Service Please: How Best Buy, Walmart, Apple, and Amazon Plan To Fortify Their Service Offerings – Forbes
Best Buy, Amazon, and Walmart all see future growth in service sectors that may seem outside of … [+]
There has been a significant adjustment taking place, over the last couple decades between the product and service industries. In 2002 product retailing made up the majority, 53.2% of physical retail; the numbers have been shrinking ever since. Today, service tenants make up 52.6% of U.S. retail space, while product-based companies make up 47.4% of leasable space. One need only look at the run-of-the-mill strip mall to see the plethora of nail salons, exercise/fitness facilities, local spas and walk-in-clinics as an example, and there is every reason to believe the trend will continue.
Retailers Look to Services
A cursory examination of where some leading brands are investing gives clues to where their growth lies, and it is clearly in the service sector. Best Buy has had tremendous success with both their Total Tech Services, and their growing In-Home Advisors program which has helped advance the smart and connected home. It has also helped build and refine protocols on in-home services. They all trace their origins to Best Buy’s highly successful Geek Squad that became transformative for the retailer.
Aging in Place
Best Buy has also made a series of inroads into the healthcare technology sector with their GreatCall, a major healthcare technology company and Critical Signal Technologies, which provides personal emergency response and telehealth monitoring for seniors. There are likely to be many ripple effects of the current COVID-19 disease outbreak and its implications for the most vulnerable in our society.
For retailers in search of “added value services” there are a litany of potential support offerings designed to keep our aging population independent, protected, and able to remain in their homes for as long as practically possible. This will have the added benefits of lessening the strain on families as well as our fragile healthcare system.
We are seeing large tech companies like Google, Apple and Amazon all expanding into healthcare services. Amazon has an entire healthcare group that will help providers analyze data in real time. Additionally, I would expect their purchase of Pill Pack to be just an opening salvo in an ongoing movement into other health service and wellness offerings, that could ultimately yield major revenue and profit.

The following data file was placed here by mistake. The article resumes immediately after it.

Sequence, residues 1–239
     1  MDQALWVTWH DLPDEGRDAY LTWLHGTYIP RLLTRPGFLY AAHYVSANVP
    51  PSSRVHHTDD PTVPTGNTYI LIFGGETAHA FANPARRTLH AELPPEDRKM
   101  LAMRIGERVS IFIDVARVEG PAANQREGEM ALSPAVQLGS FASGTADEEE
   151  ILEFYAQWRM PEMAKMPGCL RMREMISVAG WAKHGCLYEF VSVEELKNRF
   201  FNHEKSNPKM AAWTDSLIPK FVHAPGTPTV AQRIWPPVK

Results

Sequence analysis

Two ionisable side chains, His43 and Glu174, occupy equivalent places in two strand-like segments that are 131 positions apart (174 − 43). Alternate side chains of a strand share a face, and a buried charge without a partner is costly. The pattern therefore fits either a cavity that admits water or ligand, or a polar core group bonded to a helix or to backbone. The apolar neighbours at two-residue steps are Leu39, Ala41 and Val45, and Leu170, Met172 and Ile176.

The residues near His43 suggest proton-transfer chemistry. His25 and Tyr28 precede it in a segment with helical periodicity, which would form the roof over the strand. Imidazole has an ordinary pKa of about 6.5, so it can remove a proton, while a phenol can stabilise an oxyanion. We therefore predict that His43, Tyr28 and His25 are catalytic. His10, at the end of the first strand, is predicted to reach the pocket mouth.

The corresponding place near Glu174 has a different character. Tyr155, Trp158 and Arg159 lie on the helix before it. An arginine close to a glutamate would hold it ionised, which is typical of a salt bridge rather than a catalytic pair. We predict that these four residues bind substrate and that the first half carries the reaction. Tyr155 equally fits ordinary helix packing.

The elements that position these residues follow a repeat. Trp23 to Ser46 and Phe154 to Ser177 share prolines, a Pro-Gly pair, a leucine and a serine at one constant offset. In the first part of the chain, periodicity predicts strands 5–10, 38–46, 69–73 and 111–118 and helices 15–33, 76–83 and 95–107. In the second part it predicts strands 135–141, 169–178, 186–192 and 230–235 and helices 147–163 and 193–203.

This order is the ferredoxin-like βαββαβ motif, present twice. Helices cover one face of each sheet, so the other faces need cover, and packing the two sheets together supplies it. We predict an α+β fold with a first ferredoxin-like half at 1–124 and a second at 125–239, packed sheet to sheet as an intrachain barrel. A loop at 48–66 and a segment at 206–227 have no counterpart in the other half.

In September last year, Walmart launched its first Walmart Health Center in Dallas, while simultaneously announcing its plans to become “America’s Neighborhood Health Destination.” The Center is offering a whole suite of services including primary care, dental, labs, X-rays, and counseling, at very reasonable rates. Medical check-ups run $30, teeth cleaning costs $25, and mental health consultation runs $1.00 per minute, without insurance. This compares quite favorably to the average uninsured doctor’s visit of $160.00, according to a Johns Hopkins Universities School of Public Health estimate.
The public’s attitude toward consuming these kinds of services at Walmart, or the over 1,300 CVS Minute Clinics, many found with-in Target stores will quickly change. With the government’s announcement of COVID-19 testing, soon to be taking place in Target and Walmart parking lots, we will begin to see entirely new health delivery methods taking place. And even after we get through this most disruptive and agonizing chapter in our history, we will begin to become accustomed to new product and service delivery methods both public and private, which may have been unimaginable in times past.
Bring it Home
We have entered uncharted territory in an era of “social distancing”, that is likely to create an increased demand for e-commerce, BOPIS and home delivery services. It’s likely that people that have not yet begun purchasing groceries online, may begin doing so. Additionally, for the masses of us who have already been “primed” by Amazon, I would expect orders to become larger and more frequent.
There is likely to become greater demands for local last-mile delivery services as well. As calls for Uber and Lift begin to subside, it is quite likely that many of these drivers will go from moving people to moving stuff. Expect the value of used vans and Sprinters to spike.
What’s most important in these troubling times, is that we will get through this together. While it’s true that the new normal may be “different” than the past, we a very adaptable and resilient people. Remember, laughter keeps the immune system healthy.